Israel must double down on exports amid Covid-19 crisis, urges export institute chairman

Adiv Baruch says Israel’s industrial capabilities have outgrown its market capacity and must look outwards, even as the global economy shrinks

Ctech 16:5023.08.20
“Export is the engine that has for years pulled the Israeli economy out of every crisis,” Adiv Baruch, the Chairman of the Israel Export & International Cooperation Institute said in an interview to Omri Milman that was broadcast on Sunday as part of Calcalist’s “Israeli exports in the days of Covid-19” online conference.


Responding to criticism over the tax incentives offered to exporters during the Covid-19 crisis, while the bigger national economic challenge lies in encouraging companies that hire more workers, Baruch said that the local market is too small to sustain the local industry and that long-term investment in human capital over the years had born fruit, landing Israel on high spots on many international rankings, including exports per capita and R&D investment per capita. He explained that tax incentives were meant to lure in foreign investors to back Israeli tech companies, but offered the reminder that not all exporters were tech companies that were backed by VC money and that many of them had to build their own markets after realizing that they had hit the local market’s ceiling.


Baruch stressed that helping exporters was not all about tax incentives or grants and that assistance to Israeli companies included round-the-clock monitoring of possible market failures, helping open doors to Israeli companies, and encouraging marketing capabilities, including by helping brand Israel as the “Startup Nation.”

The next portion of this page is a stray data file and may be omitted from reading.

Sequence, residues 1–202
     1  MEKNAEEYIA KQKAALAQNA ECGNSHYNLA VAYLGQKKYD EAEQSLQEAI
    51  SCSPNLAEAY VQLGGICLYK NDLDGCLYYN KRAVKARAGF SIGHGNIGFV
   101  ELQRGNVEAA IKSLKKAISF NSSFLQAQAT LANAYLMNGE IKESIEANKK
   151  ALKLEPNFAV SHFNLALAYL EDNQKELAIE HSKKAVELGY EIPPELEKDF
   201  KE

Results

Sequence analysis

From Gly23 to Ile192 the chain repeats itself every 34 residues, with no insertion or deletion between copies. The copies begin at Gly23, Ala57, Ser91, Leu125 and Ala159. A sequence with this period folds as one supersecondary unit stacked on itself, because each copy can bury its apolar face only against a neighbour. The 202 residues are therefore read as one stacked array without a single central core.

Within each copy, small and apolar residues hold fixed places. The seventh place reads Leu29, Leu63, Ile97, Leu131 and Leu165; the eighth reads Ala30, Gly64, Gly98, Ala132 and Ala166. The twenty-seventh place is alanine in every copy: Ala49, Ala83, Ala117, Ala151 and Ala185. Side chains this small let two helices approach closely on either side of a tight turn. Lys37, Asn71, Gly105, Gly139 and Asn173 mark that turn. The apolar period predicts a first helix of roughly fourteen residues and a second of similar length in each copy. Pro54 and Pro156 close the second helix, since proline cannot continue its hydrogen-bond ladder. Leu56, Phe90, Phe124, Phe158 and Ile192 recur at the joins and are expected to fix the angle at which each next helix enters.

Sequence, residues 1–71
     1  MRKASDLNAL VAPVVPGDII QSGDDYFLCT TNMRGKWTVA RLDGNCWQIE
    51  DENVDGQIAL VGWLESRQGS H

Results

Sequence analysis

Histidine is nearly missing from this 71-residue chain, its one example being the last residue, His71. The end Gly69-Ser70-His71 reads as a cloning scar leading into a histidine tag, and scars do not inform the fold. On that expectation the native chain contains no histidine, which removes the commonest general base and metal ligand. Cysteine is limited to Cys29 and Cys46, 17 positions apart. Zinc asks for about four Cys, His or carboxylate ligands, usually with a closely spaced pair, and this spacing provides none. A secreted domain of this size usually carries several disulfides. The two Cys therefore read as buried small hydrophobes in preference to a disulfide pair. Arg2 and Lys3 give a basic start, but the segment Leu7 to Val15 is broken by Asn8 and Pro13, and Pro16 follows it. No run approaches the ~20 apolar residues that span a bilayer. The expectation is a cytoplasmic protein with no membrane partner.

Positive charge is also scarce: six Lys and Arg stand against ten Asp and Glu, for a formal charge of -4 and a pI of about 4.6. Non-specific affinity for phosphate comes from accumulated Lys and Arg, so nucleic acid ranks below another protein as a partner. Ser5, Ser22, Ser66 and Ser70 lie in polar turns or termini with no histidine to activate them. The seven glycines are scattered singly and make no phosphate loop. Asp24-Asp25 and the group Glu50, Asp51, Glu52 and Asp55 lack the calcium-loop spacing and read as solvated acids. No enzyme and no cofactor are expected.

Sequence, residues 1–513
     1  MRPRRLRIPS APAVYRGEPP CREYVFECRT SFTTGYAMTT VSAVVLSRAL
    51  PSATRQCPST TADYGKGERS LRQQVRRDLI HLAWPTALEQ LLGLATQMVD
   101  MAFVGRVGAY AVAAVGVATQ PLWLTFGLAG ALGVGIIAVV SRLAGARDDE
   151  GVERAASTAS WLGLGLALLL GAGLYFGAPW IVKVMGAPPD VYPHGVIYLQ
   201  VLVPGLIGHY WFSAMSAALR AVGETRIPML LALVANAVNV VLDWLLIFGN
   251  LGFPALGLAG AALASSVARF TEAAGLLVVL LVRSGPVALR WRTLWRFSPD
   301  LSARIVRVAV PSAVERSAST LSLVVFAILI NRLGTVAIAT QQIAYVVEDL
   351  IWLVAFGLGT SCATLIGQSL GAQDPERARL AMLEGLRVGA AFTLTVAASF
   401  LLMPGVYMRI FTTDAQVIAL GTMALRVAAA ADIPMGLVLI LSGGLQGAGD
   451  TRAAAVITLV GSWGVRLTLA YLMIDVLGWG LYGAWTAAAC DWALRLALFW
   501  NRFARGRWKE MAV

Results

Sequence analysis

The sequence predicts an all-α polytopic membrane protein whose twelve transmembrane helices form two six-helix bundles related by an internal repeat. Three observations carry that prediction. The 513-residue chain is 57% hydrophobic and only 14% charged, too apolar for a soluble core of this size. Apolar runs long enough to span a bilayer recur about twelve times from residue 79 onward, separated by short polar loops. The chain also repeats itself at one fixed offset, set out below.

Baruch highlighted the need for continuous “seeding of the export market,” particularly amid the Covid-19 crisis. “When global trade shrinks, it means that competition gets tougher,” he said, noting that Israel was under pressure from two vectors: the need to increase local production and the high logistical expense of exports. “The discourse of every politician, every policymaker, must address the need for encouraging additional exports as a critical discourse for pulling the country out of the crisis.”


When asked whether Israel could learn from other countries when it comes to export policies, Baruch noted that because of Israel’s geographical and geopolitical circumstances it was different than most other countries and that the government needed to make adjustments for each sector or industry. He added that the export institute works opposite parallel organizations in other countries and has seen a difference in the way various countries tackled the challenge. Baruch highlighted Canada, Australia, and the EU as places that had invested hundreds of millions of dollars to encourage exports since they had recognized that the global competition was increasing.


Baruch spoke out against what he called “a paradigm” in which the first departments to be cut from companies during a crisis are the marketing and business development departments since they were seen as not generating income. He said that in other Western countries the policy was the other way around, with crises encouraging investment in outward-looking avenues and urged Israeli businesses to follow their course.


Speaking about the recently announced normalization agreement between Israel and the UAE, Baruch said the realization that diplomatic relations could generate exports was an important one that supported the export institutes’ 62-year mission.


“If this political move with the UAE will serve as an example for the region,” said Baruch, “there is no doubt it will be a harbinger that will drive the peace economy forward.”

“Every crisis brings about opportunities,” concluded Baruch. “That was the export institutes theme when the coronavirus outbreak began. Our first thesis was global business continuity.”